enables GuestManager to generate the exact same PSKs that are generated on

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Private Preshared Key

                      HiveAPs, including the same key regeneration times. However, the control as to
                      whom the Private PSKs are given, and when the PSKs are active can now be given to
                      a delegated administrator such as a lobby administrator, without the need for them
                      to touch the configuration of HiveAPs.

                  3. As guests arrive, the lobby administrator with limited web access can create a guest
                     Private PSK user account (Figure 6). Once created, the lobby administrator clicks a
                     button to print login credentials and instructions for the guest.

         Figure 6: Lobby Administrator Creates Guest Account

                  4. Guest users authenticate their client devices to the guest SSID using their unique
                     Private PSK.

                  5. HiveAPs validate the Private PSK with GuestManager using the Private PSK as a user
                     account to ensure the account is still active. If permitted, GuestManager will send an
                     access accept to the HiveAP to permit the user to login to the wireless LAN.
                     GuestManager can also be configured to return RADIUS attributes to assign the user
                     profile assigned to the user.

         By combining the steps of using the Private PSKs for encryption, and for validating the user with
         RADIUS, this method ensures that only valid guests will be able to securely access the network. If
         the lobby administrator revokes the guest user from GuestManager, GuestManager will send a
         RADIUS change of authorization message to the HiveAP which flushes the user’s authentication
         cache from all APs in the Hive, forcing the client to reauthenticate. However, if the user has
         been revoked, the RADIUS authentication will fail and the user will not be granted access to the
         wireless LAN.

Copyright © 2011, Aerohive Networks, Inc.                 11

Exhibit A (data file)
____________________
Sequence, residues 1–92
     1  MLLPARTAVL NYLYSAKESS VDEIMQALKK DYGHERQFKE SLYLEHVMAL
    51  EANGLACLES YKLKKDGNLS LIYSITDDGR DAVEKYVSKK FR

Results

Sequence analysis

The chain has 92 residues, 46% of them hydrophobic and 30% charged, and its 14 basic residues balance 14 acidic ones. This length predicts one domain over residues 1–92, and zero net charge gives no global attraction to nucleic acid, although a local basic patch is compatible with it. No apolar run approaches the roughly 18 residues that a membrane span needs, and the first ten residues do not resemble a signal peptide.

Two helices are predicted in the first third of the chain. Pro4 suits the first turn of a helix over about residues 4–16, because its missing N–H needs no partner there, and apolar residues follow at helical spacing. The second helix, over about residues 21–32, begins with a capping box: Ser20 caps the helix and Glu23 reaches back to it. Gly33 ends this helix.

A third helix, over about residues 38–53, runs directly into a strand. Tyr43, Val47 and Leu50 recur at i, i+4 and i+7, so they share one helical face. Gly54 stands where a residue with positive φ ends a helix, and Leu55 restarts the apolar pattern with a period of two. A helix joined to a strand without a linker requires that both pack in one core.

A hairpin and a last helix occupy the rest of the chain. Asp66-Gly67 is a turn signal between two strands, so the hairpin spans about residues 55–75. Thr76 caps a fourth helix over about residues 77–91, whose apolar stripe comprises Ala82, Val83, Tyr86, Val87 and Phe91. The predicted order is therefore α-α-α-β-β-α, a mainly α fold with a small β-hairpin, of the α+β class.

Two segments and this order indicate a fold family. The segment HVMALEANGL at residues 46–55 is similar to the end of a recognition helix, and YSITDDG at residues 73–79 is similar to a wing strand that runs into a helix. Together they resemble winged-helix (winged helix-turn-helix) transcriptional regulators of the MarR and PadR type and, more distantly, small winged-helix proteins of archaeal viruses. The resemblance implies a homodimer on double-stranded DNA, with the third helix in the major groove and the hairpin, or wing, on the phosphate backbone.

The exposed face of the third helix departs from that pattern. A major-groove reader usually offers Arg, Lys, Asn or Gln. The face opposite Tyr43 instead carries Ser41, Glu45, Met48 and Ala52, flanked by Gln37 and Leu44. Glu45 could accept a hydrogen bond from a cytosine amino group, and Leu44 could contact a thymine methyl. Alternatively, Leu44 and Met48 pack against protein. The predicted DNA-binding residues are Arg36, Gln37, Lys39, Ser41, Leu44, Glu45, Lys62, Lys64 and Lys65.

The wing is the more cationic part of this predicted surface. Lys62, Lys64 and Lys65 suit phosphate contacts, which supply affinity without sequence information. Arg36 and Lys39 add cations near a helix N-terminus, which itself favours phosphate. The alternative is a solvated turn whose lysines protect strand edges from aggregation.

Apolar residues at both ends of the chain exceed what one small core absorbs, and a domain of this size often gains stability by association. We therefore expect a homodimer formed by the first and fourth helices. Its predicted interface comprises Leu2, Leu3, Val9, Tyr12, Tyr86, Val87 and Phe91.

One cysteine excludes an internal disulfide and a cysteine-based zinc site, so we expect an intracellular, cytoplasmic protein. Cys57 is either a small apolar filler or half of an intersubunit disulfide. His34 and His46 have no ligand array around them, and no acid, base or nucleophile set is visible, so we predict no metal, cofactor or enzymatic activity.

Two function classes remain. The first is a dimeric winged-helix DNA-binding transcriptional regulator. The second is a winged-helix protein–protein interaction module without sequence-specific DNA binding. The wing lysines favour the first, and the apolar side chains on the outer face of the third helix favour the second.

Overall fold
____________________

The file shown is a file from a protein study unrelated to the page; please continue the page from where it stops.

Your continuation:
Summary

   Today, 802.1X is regarded as the gold standard for Wi-Fi security and authentication by industry
   analysts, vendors, and enterprise IT managers. Unfortunately, the wholesale migration to 802.1X is
   inhibited by the cost of upgrading legacy clients, the deployment complexity of 802.1X, and the
   inability of guest networks to work with it. Aerohive’s Private PSK addresses the security and
   management challenges of legacy clients, mobile devices, and guests that cannot be moved
   to 802.1X, allowing enterprises to use 802.1X where they can and Private PSK everywhere else.
   This dramatically improves Wi-Fi security and manageability while it reduces wireless LAN
   deployment and operating costs.

                                                  12                   Copyright © 2011, Aerohive Networks, Inc.
Private Preshared Key

About Aerohive
                   Aerohive Networks reduces the cost and complexity of today’s networks with
                  cloud-enabled, distributed Wi-Fi and routing solutions for enterprises and medium
                  sized companies including branch offices and teleworkers. Aerohive’s award-
                  winning cooperative control Wi-Fi architecture, public or private cloud-enabled
                  network management, routing and VPN solutions eliminate costly controllers and
                  single points of failure. This gives its customers mission critical reliability with
                  granular security and policy enforcement and the ability to start small and
                  expand without limitations. Aerohive was founded in 2006 and is headquartered
                  in Sunnyvale, Calif. The company’s investors include Kleiner Perkins Caufield &
                  Byers, Lightspeed Venture Partners, Northern Light Venture Capital and New
                  Enterprise Associates, Inc. (NEA).

                      Corporate Headquarters                       EMEA Headquarters
                      Aerohive Networks, Inc.                      Aerohive Networks Europe LTD
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                      Phone: 408.510.6100                          Surrey, UK GU9 7HW
                      Toll Free: 1.866.918.9918                    +44 (0)1252 736590
                      Fax: 408.510.6199                            Fax: +44 (0)1252 711901
                      info@aerohive.com
                      www.aerohive.com                             SB0900506

Copyright © 2011, Aerohive Networks, Inc.                  13